If you permanently withdraw money from your 401(k), you will put a dent on your retirement savings. You forego the earnings that could have compounded and grown substantially over time. Even if you eventually return the funds to your 401(k) either by withdrawing under the CARES ACT or by taking a loan, you lose on investing the cash while it’s away from your portfolio.
The additional taxes you pay from withdrawing from your 401(k) can be a big detriment to your retirement savings:
- If you take a non-CARES Act withdrawal and are younger than 59½ you immediately pay income taxes and the 10% penalty. When you pay the 10% penalty, you not only pay it with today’s dollars but with all the future dollars it could have produced had it stayed invested in your account
- If you take a loan, the interest you pay on the loan is with after-tax money. So, you end up being taxed twice on the interest money. First, you pay tax on the interest and again when you take the money out at retirement. If you hadn’t taken the loan, you would only pay taxes when you withdraw the money at retirement at which point, you would potentially be in a lower tax bracket as you would be retired and presumably not have another income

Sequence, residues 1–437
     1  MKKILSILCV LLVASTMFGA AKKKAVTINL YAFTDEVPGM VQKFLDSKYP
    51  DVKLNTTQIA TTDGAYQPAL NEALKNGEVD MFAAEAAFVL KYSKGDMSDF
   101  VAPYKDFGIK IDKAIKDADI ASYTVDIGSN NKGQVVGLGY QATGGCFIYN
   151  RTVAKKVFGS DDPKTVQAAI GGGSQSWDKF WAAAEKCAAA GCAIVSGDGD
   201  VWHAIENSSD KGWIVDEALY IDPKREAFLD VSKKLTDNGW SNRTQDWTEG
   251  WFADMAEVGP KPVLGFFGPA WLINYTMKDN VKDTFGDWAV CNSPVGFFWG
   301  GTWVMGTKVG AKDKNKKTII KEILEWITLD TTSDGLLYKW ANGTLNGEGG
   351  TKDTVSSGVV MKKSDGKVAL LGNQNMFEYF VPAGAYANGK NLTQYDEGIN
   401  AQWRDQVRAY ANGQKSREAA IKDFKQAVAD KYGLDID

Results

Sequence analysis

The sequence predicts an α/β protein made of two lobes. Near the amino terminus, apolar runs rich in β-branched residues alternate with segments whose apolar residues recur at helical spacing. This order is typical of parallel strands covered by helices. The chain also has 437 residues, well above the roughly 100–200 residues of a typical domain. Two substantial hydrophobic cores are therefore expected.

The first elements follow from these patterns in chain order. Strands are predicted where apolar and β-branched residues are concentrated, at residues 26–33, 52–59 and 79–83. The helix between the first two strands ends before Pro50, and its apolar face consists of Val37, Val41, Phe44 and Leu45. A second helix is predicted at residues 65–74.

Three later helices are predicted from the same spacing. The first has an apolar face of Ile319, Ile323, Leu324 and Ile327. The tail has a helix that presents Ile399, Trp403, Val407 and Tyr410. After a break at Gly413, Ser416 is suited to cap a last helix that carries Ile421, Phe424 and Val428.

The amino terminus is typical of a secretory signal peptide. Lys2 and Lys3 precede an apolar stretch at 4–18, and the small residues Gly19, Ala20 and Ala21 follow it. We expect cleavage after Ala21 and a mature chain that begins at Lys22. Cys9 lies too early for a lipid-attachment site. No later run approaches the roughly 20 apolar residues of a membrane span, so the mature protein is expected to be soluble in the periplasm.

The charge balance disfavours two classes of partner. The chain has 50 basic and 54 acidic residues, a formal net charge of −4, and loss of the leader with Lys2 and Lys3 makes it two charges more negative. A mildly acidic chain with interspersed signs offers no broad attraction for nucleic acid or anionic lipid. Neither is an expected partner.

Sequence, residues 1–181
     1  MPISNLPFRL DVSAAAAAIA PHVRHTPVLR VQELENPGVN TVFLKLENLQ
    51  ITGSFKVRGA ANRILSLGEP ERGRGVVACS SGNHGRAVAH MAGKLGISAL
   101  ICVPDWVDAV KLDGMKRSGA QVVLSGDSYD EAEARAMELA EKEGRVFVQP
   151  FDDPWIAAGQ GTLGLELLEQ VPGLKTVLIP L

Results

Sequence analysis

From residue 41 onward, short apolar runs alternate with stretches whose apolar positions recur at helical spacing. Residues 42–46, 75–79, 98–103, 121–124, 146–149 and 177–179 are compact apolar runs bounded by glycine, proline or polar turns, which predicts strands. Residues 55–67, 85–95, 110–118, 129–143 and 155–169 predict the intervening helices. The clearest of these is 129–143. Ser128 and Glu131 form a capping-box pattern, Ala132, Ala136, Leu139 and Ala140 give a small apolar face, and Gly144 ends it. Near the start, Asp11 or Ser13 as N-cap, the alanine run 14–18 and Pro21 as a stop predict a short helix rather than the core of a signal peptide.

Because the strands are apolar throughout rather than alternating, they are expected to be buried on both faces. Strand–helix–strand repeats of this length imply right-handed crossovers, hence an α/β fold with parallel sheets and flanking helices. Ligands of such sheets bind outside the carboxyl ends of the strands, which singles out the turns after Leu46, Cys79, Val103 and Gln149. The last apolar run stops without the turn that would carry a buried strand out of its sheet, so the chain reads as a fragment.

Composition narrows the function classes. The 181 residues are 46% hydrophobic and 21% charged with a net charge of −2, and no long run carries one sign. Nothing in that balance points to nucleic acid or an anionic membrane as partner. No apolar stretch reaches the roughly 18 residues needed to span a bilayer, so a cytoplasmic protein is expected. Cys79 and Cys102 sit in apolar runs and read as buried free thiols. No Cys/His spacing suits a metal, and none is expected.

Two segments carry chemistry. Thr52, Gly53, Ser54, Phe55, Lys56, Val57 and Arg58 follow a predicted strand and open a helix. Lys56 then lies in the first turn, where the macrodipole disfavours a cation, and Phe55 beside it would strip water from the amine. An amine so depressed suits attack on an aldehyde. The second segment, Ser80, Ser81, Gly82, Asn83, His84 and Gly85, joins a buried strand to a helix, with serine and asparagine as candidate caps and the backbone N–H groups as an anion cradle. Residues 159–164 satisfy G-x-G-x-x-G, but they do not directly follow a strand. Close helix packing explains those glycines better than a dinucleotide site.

Selling at the wrong time
When you need money from your 401(k), it may also be the worst time to sell; e.g., during an economic crisis. Hence, you might be selling at the bottom and locking in your losses.
So, what should you do? Evaluate your alternatives
One way to test if a withdrawal makes sense for you is to do a scenario analysis so that you can evaluate your alternatives. For example, if you were taking a 401(k) loan for a home improvement project, you could compare it to taking a home equity loan. Under the Tax Cuts & Jobs Act, interest on a home equity loan is still tax deductible if used for home improvements and if it meets certain requirements. If you are able to secure a low-interest loan, this could be more favorable than borrowing from your 401(k).
Separately, if you decide to tap into your 401(k), you could also run an analysis to see if the home improvements would increase the value of your home over and above what you would be giving up in investment earnings and extra taxes.
If you have a financial advisor, they can run these analyses for you and help you make a decision.
If you decide to go ahead with a withdrawal, consider these options
In case you decided to dip into your 401(k) and if you qualify for a CARES ACT withdrawal, it might be an option to consider as you can avoid the penalty taxes and avoid any income taxes if you re-pay the money within 3 years.
If you don’t qualify for a CARES Act withdrawal and are able to make repayments, a 401(k) loan may be a better option than a traditional hardship withdrawal.